Articulation carryover means that a student is able to correctly produce their sounds in the following ways:
All types of words and in all positions of words
All phonemes, and can mark morphemes where applicable: plurals, possessives, etc.
In all types of spoken literatures: songs, poems, paragraphs, chapters, etc.
For all pragmatic purposes: protesting, negotiating, informing, commenting, questioning, etc.
When speaking in all locations: home, school, store, recess, sports practice, etc.
When speaking to all communication partners: family, teachers, friends, neighbors, etc.
Basically, the end goal is that we want our students to carry over the skills taught in the speech room across a lot of different speaking situations.
Why is Carryover Difficult for Students?
Learning a new skill that requires a student to change a pattern or habit is difficult. Think about a habit or pattern that you are trying to change in your own life. Reflect on the emotions and challenges you face with implementing the new skill. Let’s use waking up 30 minutes earlier each day. Humans don’t necessarily like drastic changes and when we are trying to make new habits, it requires us to practice and implement skills that are uncomfortable to us.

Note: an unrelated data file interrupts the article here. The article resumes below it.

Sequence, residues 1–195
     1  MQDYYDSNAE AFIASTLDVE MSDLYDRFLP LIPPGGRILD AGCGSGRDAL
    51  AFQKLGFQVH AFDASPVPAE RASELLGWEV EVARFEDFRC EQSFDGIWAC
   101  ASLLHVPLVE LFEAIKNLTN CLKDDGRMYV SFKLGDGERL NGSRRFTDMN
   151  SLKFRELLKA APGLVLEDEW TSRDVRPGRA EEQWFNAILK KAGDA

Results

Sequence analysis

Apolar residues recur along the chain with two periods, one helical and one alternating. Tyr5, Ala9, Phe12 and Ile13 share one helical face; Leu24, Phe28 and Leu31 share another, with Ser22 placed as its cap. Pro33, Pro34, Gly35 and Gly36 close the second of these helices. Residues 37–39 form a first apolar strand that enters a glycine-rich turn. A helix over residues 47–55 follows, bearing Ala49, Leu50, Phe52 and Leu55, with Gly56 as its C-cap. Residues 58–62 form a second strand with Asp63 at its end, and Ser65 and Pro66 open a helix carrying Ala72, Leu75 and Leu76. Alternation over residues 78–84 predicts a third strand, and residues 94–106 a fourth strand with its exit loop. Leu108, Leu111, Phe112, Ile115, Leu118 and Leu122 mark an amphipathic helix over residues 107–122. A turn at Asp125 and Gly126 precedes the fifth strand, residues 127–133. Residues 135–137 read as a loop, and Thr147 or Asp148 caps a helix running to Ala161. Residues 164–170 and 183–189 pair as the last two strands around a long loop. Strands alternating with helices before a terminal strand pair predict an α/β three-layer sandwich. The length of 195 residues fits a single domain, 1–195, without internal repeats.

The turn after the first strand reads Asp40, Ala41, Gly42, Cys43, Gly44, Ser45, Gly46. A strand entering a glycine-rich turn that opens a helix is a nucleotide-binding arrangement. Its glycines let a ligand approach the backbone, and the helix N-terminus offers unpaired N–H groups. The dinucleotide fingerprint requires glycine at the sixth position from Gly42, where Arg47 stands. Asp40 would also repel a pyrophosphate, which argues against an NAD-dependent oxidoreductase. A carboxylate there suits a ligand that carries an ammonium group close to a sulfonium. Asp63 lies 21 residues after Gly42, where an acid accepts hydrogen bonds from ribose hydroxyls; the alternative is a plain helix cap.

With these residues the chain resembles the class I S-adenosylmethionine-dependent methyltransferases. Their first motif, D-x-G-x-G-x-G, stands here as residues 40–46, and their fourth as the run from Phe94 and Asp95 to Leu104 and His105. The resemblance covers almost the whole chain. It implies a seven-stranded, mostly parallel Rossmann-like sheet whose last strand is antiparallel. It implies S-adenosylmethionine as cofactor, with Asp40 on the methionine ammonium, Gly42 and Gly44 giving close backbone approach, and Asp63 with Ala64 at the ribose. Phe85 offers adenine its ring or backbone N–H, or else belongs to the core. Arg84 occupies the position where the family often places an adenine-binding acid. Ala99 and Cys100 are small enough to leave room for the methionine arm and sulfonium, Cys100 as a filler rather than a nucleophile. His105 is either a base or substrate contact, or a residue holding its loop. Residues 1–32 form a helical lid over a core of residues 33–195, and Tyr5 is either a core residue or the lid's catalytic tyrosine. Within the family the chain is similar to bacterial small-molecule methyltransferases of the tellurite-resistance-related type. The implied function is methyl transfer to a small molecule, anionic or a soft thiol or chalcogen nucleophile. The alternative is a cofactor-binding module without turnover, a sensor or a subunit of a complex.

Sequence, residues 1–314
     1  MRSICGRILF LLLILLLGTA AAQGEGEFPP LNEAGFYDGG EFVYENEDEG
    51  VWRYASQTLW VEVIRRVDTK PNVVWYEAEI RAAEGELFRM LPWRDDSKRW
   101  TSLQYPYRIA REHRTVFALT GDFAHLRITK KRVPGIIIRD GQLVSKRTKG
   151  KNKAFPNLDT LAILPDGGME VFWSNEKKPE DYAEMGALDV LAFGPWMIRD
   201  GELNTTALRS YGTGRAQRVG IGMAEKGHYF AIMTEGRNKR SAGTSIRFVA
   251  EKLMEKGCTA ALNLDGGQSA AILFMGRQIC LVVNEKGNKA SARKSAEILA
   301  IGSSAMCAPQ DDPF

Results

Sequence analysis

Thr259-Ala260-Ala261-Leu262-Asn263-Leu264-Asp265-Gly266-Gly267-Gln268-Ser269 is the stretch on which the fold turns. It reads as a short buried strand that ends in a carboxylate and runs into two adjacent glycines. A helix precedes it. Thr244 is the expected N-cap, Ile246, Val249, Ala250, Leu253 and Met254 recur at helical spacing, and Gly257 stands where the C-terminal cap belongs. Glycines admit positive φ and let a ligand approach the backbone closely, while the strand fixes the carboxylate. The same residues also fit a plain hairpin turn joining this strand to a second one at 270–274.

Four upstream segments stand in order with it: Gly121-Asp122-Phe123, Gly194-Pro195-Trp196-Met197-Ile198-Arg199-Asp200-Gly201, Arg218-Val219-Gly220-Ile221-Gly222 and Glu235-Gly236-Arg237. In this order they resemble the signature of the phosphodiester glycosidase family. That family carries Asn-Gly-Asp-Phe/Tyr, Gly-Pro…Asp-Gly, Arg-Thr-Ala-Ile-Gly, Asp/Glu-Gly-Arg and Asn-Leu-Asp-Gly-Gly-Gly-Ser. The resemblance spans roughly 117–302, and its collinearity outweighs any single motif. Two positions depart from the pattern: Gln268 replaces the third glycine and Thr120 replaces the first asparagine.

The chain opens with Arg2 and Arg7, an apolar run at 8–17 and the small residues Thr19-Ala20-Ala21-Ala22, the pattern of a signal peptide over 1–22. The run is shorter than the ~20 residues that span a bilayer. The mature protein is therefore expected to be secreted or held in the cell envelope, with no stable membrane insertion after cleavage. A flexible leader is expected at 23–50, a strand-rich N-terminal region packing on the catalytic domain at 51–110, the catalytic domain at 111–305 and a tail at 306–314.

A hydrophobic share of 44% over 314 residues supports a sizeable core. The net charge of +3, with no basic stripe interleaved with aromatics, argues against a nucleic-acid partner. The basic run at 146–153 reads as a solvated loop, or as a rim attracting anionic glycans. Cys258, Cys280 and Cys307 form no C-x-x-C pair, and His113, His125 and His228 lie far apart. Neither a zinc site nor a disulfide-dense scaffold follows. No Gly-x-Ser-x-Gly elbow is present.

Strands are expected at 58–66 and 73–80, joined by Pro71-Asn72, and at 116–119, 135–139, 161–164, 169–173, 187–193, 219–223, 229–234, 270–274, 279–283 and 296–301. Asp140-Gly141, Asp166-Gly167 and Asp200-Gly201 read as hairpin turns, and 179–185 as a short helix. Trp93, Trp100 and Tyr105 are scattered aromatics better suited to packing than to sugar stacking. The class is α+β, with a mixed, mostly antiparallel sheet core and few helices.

What is Self Monitoring?
Self-monitoring when your student is aware of his/her speech productions and whether he/she is making the production correctly. Ideally, we want our students to be self-monitoring their speech during the session, but more importantly, in the classroom and out in the community.
Articulation Carryover Visuals To Support Self Monitoring
One way for SLPs to help with generalization in articulation therapy is to improve a child’s ability to self-monitor their productions. Articulation Carryover visuals to support self-monitoring have created an opportunity for me to have discussions about a student’s productions. Using articulation carryover visuals has given my students a way to self-reflect on their performance, set goals for improvement, and figure out ways they can work on their articulation productions outside of the speech room.
Ideas For How to Improve Self Monitoring Skills
Here are some ideas for how SLPs can help improve their student’s self-monitoring skills in articulation therapy:
Videotape your student during a conversational task. Have your student use the self-reflection sheet in the free download below to evaluate how their speech sounded.